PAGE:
Cosmetics manufacturers are stepping up efforts to boost sales at specialty outlets staffed by employees who know a great deal about makeup, by increasingly catering to the needs of individual customers.
A distinguishing feature of such cosmetics stores is their ability to provide fine-tuned customer services. For instance, employees advise customers on which cosmetics will best suit them, winning them favour among middle-aged and elderly customers.
A major manufacturer said that in regions where there are many employees above the age of 60, the cosmetics stores "create a place for casual conversations about skincare between senior citizens."
The new move apparently reflects the fact that, in recent years, cosmetics manufacturers have been gradually losing ground to inexpensive drugstores and online shopping malls from which customers can buy products with ease.
According to research institute Fuji Keizai Management Co., the impact of drugstores selling their products at cheap prices has been substantial. It has led to a 40 per cent decrease in the number of stores in the industry, including pharmacies, in the last 10 years, as well as a 25 per cent decline in sales.
In response, cosmetics manufacturers have begun to shore up their products intended solely for stores that specialise in the sale of cosmetics, in order to woo new customers.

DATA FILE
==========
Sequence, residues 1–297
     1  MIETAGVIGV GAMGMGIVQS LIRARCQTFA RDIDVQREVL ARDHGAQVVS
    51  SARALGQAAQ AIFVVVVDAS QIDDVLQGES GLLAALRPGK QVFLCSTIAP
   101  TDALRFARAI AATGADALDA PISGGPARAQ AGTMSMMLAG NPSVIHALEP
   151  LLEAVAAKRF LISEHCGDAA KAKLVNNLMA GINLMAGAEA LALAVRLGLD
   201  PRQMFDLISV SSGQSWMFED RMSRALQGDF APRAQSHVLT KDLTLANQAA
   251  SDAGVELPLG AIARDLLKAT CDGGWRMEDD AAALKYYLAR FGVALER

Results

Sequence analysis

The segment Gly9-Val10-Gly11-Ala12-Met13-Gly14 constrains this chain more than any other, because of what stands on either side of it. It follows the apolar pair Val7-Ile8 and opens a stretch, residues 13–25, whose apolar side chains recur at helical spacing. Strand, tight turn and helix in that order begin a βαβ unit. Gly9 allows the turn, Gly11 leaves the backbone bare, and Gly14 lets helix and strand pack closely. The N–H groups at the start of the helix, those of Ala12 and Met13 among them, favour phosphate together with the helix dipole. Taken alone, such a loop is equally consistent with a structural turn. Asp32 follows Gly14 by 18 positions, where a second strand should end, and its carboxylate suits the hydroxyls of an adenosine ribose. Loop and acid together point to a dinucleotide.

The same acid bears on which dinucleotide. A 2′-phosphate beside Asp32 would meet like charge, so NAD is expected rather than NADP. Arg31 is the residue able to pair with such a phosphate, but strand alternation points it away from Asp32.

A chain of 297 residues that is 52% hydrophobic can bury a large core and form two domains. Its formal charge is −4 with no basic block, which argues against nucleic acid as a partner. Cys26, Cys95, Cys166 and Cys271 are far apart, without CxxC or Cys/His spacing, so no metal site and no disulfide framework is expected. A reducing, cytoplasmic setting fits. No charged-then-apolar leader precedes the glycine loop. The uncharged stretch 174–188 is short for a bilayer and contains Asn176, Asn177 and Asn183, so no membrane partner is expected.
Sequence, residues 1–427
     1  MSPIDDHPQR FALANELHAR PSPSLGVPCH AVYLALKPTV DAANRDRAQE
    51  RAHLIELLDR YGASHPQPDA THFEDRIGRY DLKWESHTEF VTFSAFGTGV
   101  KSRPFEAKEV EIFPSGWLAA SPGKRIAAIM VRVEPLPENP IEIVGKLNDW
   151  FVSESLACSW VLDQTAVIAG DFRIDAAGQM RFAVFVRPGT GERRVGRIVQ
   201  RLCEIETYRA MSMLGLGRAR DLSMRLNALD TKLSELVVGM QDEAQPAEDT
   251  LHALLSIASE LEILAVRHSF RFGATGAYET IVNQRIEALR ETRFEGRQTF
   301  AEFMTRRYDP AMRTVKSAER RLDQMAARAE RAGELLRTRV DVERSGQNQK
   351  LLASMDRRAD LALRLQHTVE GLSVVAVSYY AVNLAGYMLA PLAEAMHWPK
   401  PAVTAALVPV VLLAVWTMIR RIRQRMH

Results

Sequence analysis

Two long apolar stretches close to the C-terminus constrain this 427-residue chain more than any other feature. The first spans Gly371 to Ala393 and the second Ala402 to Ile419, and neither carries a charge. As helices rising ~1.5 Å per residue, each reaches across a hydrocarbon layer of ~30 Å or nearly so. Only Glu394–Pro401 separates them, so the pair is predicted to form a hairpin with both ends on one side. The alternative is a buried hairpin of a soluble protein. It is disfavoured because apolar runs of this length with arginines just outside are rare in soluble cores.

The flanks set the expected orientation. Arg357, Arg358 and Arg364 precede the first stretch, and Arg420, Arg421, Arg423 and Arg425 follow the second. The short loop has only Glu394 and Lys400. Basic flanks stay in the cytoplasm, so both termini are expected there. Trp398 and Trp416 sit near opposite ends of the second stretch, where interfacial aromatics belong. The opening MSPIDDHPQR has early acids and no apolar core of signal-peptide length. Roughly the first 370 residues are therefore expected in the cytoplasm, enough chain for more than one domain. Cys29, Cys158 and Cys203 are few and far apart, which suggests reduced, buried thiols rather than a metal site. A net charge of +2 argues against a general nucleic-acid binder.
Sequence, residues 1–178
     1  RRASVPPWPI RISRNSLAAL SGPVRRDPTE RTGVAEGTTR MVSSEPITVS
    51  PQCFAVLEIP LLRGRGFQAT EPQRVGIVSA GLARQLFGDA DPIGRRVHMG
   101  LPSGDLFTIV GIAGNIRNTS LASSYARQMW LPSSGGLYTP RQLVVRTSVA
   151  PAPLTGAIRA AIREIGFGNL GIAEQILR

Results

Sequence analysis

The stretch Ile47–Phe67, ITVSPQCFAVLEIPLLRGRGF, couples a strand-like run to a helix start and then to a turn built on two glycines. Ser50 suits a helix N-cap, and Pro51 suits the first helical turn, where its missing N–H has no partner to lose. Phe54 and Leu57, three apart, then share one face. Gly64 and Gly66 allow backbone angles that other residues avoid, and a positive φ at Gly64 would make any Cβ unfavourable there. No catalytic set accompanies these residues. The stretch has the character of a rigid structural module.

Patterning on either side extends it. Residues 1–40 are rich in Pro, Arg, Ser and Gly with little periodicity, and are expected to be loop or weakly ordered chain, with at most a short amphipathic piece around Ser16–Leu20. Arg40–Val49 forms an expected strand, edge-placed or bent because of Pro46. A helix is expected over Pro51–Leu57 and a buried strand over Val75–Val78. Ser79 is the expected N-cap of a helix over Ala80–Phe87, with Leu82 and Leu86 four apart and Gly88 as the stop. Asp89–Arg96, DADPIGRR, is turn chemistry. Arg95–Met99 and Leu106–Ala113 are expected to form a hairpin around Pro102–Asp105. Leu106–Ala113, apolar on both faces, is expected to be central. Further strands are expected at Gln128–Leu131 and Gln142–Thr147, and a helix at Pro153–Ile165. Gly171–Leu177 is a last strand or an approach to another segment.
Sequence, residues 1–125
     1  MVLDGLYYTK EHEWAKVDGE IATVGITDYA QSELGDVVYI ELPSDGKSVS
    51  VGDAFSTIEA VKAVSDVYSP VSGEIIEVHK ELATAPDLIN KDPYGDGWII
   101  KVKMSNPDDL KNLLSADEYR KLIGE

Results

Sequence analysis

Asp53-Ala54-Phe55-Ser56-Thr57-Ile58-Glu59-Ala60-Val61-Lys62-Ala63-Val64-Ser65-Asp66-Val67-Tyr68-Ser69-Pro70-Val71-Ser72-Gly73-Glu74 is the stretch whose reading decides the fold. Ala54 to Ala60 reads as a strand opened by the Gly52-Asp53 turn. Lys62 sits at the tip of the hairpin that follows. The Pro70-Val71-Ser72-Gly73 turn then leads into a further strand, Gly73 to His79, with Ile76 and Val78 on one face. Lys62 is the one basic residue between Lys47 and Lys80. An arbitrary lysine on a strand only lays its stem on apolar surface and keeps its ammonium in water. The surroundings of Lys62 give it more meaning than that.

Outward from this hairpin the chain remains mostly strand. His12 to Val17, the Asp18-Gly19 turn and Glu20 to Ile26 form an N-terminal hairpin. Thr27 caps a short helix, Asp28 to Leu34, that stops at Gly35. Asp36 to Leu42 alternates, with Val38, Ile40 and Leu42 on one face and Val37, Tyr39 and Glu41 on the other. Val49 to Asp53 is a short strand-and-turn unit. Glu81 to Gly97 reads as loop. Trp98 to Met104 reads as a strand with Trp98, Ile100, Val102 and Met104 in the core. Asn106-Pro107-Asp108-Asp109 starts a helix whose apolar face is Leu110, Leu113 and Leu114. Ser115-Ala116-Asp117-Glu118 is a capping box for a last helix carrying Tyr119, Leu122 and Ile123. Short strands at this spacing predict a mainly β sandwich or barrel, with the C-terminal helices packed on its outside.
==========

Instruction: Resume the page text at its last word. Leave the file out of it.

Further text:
In September, Shiseido Co. will release new products aimed at teenagers and customers in their 60s in its "Benefique" skincare lineup. In October, Kanebo Cosmetics Inc. will market skincare products in its "Twany" lineup, such as facial lotion and cream, priced in the 2,000 yen (S$23) - 3,000 yen range.
The cosmetic stores now aim to increase the frequency of visits by existing customers as well as develop new customer segments, such as for young people, who have not visited cosmetics stores in the past.
Cosmetics manufacturers are also working to increase the quality of services offered by sales clerks. On Aug. 4, the Cosmetics Koshien contest was held in Tokyo. In this annual competition, launched in 2013 and held for the third time this year, sales staff from specialty stores competed over their makeup skills.
"The strength of cosmetics-only stores is that the customers can speak to the sales staff one-on-one to seek advice from them about which cosmetic products are suitable for them. This is a sales tactic that will always endure," said Naoki Murakami, a corporate officer of Shiseido.